Israeli Judge Questions 'Proportionality' of Law to Jail Asylum Seekers

Tuesday's hearing held before a panel of nine judges that is identical to the one that struck down the previous amendment to the law last year.

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African asylum seekers at Holot detention center in the Negev.
African asylum seekers at Holot detention center in the Negev. Credit: Eli Hershkovitz

The High Court of Justice on Tuesday heard the first petition by human rights groups against the newest amendment to the Prevention of Infiltration Law, which allows the jailing for up to one year of any migrant who entered Israeli illegally after the law passed in December.

The statute also regulates the operation of the detention center at Holot, to which the state can send migrants and asylum-seekers who illegally entered the country even before the legislation was passed.

"There are many controversial questions related to the proportionality of the law for preventing infiltration," Judge Uzi Vogelman said at the hearing. He related to the fact that the guidelines on detention in Holot are not restricted in time and that there are no pretenses for release determined by law. "This is where the main difficulty lies," Vogelman said.

Vogelman also requested that State Attorney Yochi Gansin explain the gap between the low rate of asylum seeker status granted by the state and the high rate of that status is granted in other countries. Only two Eritrean nationals have been granted refugee status in Israel to date. "How is this statistic reconciled with international standards?" he asked.

Judge Esther Hayut asked how many asylum applications have not been processed and how long they have been waiting, and Judge Isaac Amit asked how the Holot facility is helpful in solving the problem. "We have 50,000 people here, what will 3,000 help?"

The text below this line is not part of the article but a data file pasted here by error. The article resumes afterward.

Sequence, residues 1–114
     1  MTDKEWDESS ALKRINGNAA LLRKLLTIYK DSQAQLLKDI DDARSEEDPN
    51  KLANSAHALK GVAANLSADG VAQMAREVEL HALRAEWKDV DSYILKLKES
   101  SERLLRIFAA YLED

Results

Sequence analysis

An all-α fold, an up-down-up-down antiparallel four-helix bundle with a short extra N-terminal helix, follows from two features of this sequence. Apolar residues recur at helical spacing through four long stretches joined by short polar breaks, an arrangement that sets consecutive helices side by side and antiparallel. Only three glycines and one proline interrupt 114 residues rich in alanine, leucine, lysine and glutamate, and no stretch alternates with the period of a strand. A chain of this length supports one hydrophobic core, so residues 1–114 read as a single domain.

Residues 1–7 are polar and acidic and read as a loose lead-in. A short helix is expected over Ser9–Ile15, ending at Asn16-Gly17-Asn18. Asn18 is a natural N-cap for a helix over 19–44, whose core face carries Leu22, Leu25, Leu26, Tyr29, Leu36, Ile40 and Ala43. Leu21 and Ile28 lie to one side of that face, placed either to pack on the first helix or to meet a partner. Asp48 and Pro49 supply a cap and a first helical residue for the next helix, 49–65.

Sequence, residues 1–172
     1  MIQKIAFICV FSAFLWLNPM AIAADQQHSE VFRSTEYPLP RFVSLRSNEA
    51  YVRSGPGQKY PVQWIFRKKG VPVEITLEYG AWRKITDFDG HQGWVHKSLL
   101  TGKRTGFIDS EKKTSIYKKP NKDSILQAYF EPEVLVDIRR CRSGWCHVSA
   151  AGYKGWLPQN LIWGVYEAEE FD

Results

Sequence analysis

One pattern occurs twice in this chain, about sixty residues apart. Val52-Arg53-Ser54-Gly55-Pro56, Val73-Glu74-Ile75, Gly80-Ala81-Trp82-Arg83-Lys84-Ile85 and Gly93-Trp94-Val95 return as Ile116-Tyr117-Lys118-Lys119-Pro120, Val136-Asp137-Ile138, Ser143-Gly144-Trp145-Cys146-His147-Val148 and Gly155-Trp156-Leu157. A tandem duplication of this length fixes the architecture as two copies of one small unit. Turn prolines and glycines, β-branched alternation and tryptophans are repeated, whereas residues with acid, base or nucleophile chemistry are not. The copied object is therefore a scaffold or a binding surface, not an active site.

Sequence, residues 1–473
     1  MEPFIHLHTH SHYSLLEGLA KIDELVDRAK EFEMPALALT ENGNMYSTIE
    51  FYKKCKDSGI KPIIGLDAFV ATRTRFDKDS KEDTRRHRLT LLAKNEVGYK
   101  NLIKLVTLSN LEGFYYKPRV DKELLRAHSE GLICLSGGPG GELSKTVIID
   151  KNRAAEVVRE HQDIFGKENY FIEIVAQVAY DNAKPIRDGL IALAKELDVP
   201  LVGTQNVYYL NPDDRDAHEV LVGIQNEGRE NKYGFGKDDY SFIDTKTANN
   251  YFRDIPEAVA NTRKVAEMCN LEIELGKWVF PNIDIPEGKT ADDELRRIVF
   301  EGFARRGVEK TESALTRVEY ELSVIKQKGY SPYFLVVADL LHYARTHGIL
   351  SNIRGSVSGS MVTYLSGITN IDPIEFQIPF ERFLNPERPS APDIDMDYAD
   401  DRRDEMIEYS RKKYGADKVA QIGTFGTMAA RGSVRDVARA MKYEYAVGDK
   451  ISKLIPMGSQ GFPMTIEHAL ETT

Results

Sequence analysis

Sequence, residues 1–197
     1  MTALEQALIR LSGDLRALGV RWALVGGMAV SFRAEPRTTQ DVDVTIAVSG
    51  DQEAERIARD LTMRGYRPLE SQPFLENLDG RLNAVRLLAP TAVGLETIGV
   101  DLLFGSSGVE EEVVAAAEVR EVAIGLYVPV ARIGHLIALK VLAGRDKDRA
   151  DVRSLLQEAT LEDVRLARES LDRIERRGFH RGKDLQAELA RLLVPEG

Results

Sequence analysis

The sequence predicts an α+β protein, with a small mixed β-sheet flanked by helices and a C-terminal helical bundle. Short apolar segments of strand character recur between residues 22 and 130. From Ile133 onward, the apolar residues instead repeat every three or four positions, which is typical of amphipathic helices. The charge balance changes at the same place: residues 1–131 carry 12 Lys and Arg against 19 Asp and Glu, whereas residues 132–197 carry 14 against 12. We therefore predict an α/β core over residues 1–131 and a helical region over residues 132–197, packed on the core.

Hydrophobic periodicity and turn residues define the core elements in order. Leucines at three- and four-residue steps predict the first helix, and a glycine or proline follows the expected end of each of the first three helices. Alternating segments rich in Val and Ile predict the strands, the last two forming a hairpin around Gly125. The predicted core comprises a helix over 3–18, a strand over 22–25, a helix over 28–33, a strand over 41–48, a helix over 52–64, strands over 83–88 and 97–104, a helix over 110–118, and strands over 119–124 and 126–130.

Gansin said the new law requires requests be considered within three months, which the state is complying with. Asked about the timetable for those not held in detention, Gansin said the state gives priority to requests from those held in Holot.

Supreme Court President Asher Grunis rejected a request to have the UN representative on refugees in Israel present its position. Association for Civil Rights in Israel Advocate Oded Feller, who made the request, was then asked to offer alternatives for preventing immigration.

Feller replied that "there is no place in the world that has a mechanism for reducing it to zero," but offered the state, for example, to determine that illegal entry into Israel be considered a crime and take it to court, as opposed to applying administrative detention. Judge Grunis dismissed the suggestion.

Tuesday's hearing was held before a panel of nine judges that is identical to the one that struck down the previous amendment to the law last year. The panel will be led by Supreme Court President Asher Grunis and Deputy President Mirian Naor, and include justices Edna Arbel, Salim Joubran, Esther Hayut, Yoram Danziger, Uzi Vogelman, Isaac Amit and Neal Hendel.

The petition, filed only days after the new amendment was passed, was submitted by two Eritrean asylum-seekers, the Hotline for Migrants and Refugees, the Association for Civil Rights in Israel, the Aid Organization for Refugees and Asylum Seekers in Israel, the Worker’s Hotline, Physicians for Human Rights and the African Refugee Development Center.

The petitioning organizations argue that the new amendment does not uphold the principles the High Court outlined when it struck down the previous legislation, which had allowed illegal migrants to be held without trial for three years.

“The method the respondents chose to honor the [previous] court ruling was to delay by any means possible the release of those who were meant to be released in accordance with the ruling, and to speedily pass new legislation that would empty the ruling of content,” the petition reads.

“The amendment confers authority to hold those who cannot be expelled in a ‘lodging center’ for an unlimited amount of time, with no provisions for release and with no judicial review. The ‘lodging center’ is run by the Israel Prison Service and the differences between it and a prison are hard to discern.” According to the petitioners, “It’s a jail that’s aimed at breaking their spirit, so as to force them to ‘agree’ to go wherever they are told, even if their lives are at risk there.”

In its response to the petition, the state said that the amendment was constitutional, “and strikes the optimal balance between the vital interests of the State of Israel and the rights of its citizens and residents, and the interests and rights of the tens of thousands of African residents who infiltrated into the State of Israel in recent years.”

The state also rejected the comparison between the Holot facility and a jail. “Although there is a restriction on their right to freedom, that is not to say that this restriction is equivalent to full denial of the right to freedom, nor does it come close,” the state said.

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